Every time we experience a loss, we grieve what is missing from our lives as a result. Death, as we have said, is not the only loss to trigger grief. We have been feeling grief over these weeks even though we may not have recognized it as such. It is very important to understand, however, that there is no one neat orderly way to understand the grief process. It is not “5 Stages” or any other “one size fits all” formula.
So we need to begin by understanding what grief is. In simple terms, grief is a natural human response to an unwelcome event. It is defined as “a natural human reaction to any significant loss, manifesting itself in a unique cluster of human emotions, intensified and complicated by the relationship we have lost.”
Unfortunately, in our “death denying culture”, we are not taught what to expect in the days and months after a loss, and so grief inevitably catches us by surprise. Often a few weeks or months down the road we can feel like it is getting even worse. In fact, sometimes it is when others think we should be getting ourselves together, that the grieving person feels like they are falling apart. When people find themselves unavoidably confronted with loss and struggling with grief, it can be one of life’s most challenging experiences, and often we need help to come to terms with it.
a) Grief is a Natural Human Experience
Our definition above affirms my conviction that grief is a “normal reaction to an unwelcome event.” It is not a sickness or disease, nor should it be considered a mental health disorder. Grief is a natural, human response to any significant loss.
However, the fact that it is normal does not diminish how difficult the experience can be. We should “normalize” but not “minimize.” What many people are going through as a result of this pandemic and the subsequent life losses they have incurred must never be underestimated.
When you lose someone or something special from your life, whether by death, disease, distance, or disaster, you are going to grieve. Grief is our protest against something we don’t like or want. Our grief is saying that we’re struggling to adjust to a life without that special relationship.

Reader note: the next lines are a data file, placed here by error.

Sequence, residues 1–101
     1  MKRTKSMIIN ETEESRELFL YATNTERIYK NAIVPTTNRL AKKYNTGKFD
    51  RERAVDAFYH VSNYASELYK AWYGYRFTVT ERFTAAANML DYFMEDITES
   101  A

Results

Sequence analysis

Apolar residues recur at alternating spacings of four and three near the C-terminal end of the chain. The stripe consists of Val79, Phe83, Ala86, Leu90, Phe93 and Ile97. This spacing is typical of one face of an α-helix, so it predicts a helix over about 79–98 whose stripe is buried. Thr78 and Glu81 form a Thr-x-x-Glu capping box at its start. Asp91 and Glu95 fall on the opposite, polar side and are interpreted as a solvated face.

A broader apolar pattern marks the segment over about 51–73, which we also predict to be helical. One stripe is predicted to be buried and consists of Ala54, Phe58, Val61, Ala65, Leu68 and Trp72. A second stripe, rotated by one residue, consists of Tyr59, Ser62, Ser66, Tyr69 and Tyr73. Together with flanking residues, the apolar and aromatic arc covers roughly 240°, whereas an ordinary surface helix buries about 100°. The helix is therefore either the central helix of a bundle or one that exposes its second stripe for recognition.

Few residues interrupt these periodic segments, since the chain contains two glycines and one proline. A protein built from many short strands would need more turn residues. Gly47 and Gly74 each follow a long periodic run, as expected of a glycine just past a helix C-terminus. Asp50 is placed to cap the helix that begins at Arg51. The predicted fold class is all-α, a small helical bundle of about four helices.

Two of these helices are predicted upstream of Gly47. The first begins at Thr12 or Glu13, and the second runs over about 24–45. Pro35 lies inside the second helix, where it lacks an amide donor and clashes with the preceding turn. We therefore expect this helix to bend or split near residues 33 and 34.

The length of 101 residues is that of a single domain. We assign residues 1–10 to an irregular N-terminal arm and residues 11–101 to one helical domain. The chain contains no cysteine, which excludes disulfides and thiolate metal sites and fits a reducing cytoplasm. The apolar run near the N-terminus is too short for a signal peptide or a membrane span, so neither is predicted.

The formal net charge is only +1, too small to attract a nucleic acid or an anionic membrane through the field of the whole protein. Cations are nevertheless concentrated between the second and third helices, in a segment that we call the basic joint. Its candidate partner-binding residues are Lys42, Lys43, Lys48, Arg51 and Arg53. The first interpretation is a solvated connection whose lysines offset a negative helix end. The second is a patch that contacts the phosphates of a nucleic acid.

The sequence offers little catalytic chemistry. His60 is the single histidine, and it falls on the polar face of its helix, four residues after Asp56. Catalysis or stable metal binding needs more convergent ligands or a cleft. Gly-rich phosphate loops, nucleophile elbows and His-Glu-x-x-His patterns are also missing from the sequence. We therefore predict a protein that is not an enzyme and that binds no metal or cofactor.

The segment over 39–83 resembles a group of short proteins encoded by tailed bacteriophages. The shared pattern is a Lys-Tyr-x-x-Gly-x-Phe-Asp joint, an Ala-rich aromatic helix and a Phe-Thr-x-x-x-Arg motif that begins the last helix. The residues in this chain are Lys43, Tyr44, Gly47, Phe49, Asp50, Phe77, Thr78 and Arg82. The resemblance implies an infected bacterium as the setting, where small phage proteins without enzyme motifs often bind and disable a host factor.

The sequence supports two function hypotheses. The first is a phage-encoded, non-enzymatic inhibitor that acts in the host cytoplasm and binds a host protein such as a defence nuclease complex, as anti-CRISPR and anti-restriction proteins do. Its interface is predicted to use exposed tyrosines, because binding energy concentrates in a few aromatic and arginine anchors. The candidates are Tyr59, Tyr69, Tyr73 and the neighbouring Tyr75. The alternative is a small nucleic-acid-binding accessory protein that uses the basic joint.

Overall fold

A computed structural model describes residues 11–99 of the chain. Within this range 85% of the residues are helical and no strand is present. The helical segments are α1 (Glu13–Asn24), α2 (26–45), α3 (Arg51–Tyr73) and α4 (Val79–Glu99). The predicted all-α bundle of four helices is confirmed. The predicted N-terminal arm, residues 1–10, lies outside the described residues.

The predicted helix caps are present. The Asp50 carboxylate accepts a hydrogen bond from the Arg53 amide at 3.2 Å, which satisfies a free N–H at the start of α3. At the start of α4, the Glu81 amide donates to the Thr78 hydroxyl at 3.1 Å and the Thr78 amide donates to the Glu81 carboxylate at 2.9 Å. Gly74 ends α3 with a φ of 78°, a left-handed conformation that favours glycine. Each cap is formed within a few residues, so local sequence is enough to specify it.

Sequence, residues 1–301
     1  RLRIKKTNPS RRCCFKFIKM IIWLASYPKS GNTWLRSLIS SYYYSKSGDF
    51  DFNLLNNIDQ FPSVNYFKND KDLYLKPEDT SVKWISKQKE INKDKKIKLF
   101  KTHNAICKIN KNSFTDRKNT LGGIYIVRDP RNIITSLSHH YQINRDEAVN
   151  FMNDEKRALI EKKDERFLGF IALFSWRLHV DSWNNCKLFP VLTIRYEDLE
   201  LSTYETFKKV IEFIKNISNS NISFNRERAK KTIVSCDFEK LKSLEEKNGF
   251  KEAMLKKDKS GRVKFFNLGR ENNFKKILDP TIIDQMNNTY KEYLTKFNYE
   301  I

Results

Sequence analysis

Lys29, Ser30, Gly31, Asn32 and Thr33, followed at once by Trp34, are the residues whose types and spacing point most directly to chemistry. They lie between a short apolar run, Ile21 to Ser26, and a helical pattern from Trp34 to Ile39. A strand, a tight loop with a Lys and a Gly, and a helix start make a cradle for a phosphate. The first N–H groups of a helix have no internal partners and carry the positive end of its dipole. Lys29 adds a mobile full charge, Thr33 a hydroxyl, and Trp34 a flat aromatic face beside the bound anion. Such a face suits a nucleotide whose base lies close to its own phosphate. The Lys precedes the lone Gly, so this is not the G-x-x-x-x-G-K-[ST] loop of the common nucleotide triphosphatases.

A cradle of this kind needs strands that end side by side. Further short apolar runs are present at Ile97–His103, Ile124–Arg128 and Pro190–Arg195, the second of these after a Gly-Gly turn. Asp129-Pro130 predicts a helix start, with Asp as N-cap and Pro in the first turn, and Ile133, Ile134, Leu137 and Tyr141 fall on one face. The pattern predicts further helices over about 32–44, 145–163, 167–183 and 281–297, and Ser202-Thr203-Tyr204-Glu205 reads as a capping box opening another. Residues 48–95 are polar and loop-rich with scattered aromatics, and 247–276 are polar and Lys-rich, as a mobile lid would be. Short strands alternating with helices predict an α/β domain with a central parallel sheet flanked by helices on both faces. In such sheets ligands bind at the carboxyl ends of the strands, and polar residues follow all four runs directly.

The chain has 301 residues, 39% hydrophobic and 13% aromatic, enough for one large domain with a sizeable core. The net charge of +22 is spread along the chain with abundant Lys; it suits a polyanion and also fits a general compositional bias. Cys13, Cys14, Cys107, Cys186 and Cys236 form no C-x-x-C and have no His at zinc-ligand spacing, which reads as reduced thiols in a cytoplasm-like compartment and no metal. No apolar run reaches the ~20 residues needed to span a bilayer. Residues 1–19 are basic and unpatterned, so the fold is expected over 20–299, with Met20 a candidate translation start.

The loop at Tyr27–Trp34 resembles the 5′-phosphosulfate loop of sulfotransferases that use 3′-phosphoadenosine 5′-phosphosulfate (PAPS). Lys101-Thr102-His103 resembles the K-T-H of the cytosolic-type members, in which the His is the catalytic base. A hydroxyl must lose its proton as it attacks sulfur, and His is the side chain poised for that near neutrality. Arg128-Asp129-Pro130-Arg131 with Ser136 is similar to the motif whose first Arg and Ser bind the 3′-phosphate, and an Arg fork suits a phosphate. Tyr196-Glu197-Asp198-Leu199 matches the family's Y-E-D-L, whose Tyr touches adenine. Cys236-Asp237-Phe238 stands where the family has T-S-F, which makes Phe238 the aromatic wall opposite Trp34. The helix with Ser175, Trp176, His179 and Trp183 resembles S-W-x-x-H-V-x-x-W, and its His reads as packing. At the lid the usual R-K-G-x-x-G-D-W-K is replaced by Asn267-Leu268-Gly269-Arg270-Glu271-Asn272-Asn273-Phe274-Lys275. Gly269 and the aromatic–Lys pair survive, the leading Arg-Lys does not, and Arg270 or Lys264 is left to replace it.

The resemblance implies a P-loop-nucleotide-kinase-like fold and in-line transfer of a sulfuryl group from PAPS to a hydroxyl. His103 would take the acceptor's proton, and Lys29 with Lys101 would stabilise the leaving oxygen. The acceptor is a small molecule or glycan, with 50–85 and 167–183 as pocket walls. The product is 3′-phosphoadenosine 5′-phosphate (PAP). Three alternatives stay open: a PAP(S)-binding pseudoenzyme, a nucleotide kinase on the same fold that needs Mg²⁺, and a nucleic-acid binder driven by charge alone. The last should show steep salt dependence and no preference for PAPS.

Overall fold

By understanding what you can expect, you are able to validate the experience of grief. When you have legitimized the process, you feel able to “work through” the unique issues your specific loss raises, knowing you are not crazy or abnormal. You realize that your grief is not a reflection on the “inadequacy of your coping skills”; it is an indication that you are missing something or someone you cared about.
When liberated from the stigma of grief, which is the fruit of those “pull yourself together and get over it” statements people make, you can begin the grief journey of exploring your feelings about how your world has changed and making the adjustments you need to reorganize your life.
b) Grief is a Uniquely Personal Experience
Every individual is unique. We are all different, in looks, in character, in cultural diversity, as well as in human experiences. While there may be many similarities, every individual manifests grief in a way that is appropriate for them. That is influenced and shaped by many variables: what we have lost and how; anticipated or sudden/unexpected loss; our age and our gender; our beliefs and values; our cultural context and traditions, among others.
Here is the dilemma we face in supporting people through this pandemic. Some are welcoming the pause and the opportunity to reconnect with themselves and their family. They have an opportunity to do the things that they had long promise they would get to “one of these days”.
But for others, this has been a living hell, isolated in homes where relationships are strained and possibly even finding themselves in unsafe situations, facing financial pressures, unemployment, or facing not being able to visit elderly or sick loved ones in nursing homes, or being present with them when they are dying. Many are overwhelmed by the hierarchy of needs that daily demands their attention, and finding ways to cope.
But for most people, their experience is a combination of all of the above.
Grief is always a struggle. It is never easy to lose someone or something you have relied on. This is possibly the most difficult experience of life.
But as we struggle, we discover that in every loss there is a gain. There will be times when you will wonder if they can make it, but little by little you will that in the struggle you find strength you didn’t know you had.
In our next blog we will seek to understand something more about this experience of grief which I think you will find interesting.